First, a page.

Recorded Long Covid symptoms include fatigue, breathlessness, heart palpitations, cough, voice problems, and issues with taste or smell.

But some patients are experiencing neurological problems too.

Kath and two other Long Covid sufferers, Maddie Culling and Annie Glover, all suffer with “brain fog”.

I can’t always speak the right way. It makes you feel stupid,” Kath said.

Maddie, from Hebden Bridge, still suffers from a number of neurological symptoms since contracting the virus at the start of April last year.

I speak a lot slower than I used to, I forget words mid-sentence,” the 32-year-old said.

“Sometimes I get the feeling that insects are crawling under my skin.”

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Researcher Sarah has also seen this in her studies.

“We run cognitive tests, one is to ask people to name as many words as they can starting with ‘f’ in 60 seconds,” she said.

“Someone who had scored quite well in other areas said ‘football’ and couldn’t think of anything else, he was getting quite angry with himself.”

Many Long Covid sufferers say they are frustrated by their situation and face skepticism about the condition.

Maddie used to practice Muay Thai kickboxing before she contracted coronavirus. Now breathlessness, heart palpitations and joint pain mean she sometimes has to walk with a stick

But still she feels some people are not taking Long Covid seriously enough.

“Sometimes it comes across that [Long Covid sufferers] are weak and don’t want to get better,” said Maddie.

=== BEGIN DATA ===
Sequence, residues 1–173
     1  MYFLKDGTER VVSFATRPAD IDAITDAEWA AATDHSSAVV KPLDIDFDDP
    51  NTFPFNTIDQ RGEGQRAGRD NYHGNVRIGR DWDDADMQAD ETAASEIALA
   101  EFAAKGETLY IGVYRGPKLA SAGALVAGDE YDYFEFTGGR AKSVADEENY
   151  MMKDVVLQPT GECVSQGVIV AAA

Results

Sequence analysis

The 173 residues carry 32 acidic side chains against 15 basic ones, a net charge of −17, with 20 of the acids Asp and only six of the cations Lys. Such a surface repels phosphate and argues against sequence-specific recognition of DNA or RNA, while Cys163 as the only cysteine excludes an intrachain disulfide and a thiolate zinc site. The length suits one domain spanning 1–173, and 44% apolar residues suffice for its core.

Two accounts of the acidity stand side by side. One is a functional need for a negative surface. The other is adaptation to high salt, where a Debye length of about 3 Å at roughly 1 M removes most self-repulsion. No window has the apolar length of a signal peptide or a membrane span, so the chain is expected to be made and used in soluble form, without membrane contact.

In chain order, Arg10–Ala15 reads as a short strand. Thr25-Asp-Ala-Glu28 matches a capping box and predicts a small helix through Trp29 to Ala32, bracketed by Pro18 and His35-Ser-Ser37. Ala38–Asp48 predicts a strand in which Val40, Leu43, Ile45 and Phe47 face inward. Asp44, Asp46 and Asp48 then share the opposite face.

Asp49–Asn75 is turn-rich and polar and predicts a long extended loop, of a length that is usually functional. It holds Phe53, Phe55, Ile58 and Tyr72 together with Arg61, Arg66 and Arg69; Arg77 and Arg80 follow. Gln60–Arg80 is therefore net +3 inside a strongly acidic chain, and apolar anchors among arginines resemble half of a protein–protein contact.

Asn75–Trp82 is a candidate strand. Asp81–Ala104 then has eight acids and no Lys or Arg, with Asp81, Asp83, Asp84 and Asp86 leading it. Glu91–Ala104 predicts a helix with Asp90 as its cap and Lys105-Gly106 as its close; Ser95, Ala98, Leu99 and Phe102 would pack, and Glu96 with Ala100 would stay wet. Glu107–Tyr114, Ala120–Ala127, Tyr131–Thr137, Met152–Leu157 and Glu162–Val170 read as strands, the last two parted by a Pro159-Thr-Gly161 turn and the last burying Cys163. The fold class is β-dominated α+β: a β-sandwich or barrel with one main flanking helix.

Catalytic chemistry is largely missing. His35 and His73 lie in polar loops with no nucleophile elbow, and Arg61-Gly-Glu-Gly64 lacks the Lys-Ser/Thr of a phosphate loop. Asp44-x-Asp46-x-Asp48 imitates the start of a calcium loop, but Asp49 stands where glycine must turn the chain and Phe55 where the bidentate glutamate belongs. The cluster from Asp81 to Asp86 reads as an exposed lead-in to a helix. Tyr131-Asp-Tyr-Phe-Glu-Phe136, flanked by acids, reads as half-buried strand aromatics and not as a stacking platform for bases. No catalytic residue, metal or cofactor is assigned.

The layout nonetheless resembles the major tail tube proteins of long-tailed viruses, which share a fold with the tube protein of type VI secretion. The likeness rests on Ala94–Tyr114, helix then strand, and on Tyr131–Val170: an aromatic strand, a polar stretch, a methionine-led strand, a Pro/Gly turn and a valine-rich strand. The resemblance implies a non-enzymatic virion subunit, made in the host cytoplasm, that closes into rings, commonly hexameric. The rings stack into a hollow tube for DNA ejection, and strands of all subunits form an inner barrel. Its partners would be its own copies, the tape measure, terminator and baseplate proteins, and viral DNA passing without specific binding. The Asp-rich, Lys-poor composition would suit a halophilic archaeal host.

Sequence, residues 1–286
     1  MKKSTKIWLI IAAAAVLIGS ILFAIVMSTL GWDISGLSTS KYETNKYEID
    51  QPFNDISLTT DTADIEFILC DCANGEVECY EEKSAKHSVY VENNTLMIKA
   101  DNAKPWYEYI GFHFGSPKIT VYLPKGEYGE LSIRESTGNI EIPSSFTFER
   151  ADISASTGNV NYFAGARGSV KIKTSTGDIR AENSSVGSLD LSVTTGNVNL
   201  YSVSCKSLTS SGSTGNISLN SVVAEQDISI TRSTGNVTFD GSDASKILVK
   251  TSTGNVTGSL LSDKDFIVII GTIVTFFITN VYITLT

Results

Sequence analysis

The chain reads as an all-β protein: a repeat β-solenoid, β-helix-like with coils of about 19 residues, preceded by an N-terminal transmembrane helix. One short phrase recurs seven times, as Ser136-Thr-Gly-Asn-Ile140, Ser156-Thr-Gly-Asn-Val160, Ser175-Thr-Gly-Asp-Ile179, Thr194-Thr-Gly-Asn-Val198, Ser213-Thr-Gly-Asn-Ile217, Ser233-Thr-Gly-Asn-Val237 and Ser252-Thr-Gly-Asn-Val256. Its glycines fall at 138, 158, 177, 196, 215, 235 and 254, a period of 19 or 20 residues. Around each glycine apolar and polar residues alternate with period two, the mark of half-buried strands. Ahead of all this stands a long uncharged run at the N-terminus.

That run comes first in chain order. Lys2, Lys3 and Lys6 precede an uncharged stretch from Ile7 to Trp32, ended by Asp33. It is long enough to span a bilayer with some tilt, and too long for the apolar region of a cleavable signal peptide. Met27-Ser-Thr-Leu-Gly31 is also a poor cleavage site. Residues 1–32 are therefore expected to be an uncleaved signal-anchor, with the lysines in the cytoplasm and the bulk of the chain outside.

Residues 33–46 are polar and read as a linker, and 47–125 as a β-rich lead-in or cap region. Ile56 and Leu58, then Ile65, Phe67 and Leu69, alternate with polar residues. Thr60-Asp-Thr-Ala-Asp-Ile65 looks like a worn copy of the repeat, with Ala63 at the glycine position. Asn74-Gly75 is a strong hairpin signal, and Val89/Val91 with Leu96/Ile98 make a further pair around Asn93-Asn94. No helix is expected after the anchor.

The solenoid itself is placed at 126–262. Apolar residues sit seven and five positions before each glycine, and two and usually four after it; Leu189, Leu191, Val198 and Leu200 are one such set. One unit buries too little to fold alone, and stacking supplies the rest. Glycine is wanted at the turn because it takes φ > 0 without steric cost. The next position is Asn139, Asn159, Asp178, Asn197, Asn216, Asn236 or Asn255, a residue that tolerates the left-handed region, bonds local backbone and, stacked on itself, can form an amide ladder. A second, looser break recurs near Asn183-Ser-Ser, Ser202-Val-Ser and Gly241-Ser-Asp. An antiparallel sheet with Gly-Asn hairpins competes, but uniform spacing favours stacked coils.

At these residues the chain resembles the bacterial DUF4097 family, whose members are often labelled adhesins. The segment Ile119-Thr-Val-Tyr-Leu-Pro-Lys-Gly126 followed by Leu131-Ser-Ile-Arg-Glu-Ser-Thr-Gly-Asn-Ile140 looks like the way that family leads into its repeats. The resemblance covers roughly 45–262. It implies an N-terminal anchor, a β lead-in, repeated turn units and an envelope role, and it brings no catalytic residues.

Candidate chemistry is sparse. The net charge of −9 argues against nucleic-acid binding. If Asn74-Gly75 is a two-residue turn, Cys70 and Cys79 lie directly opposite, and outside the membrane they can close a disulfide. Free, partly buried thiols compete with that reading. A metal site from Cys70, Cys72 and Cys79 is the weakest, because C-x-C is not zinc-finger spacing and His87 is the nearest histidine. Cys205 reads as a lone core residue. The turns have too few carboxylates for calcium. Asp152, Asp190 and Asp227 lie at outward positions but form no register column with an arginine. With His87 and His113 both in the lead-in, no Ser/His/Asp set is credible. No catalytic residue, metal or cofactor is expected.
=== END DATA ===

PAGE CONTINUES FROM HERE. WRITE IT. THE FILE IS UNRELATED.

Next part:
I’m determined to get back to doing exercise but I can’t do it.”

Mirfield retiree Annie Glover, who has suffered with Long Covid since October, felt people do not properly understand fatigue.

Annie Glover has struggled with Long Covid since October

“It’s overwhelming,” said the 65-year-old. “Then you go to bed and you can’t get to sleep for three hours.”

Meanwhile retired Saltaire teacher Alison Cairess said people “got sick of hearing about” her struggle with the condition since she contracted coronavirus last March.

After 10 days bed-ridden – “I felt like I was going to die on three occasions,” she said – the 58-year-old thought she was beginning to recover.

But five weeks on the avid tennis player found herself unable to exercise.

“I would walk to the end of the road, my heart rate was going up to 150,” she said.

Yet she still faced skepticism – including one doctor saying she likely had anxiety, Alison said.

I rang the doctor’s and they said it was nothing to worry about,” she said.

“They were really blasé about it, and my family was saying ‘You must be better now’.

I didn’t know it was Covid. I had no sense of smell, but that wasn’t in the government guidelines at the time.”

Alison has since attended a special Long Covid clinic set up at St Luke’s Hospital in Bradford.

“They understood and believed me,” she said.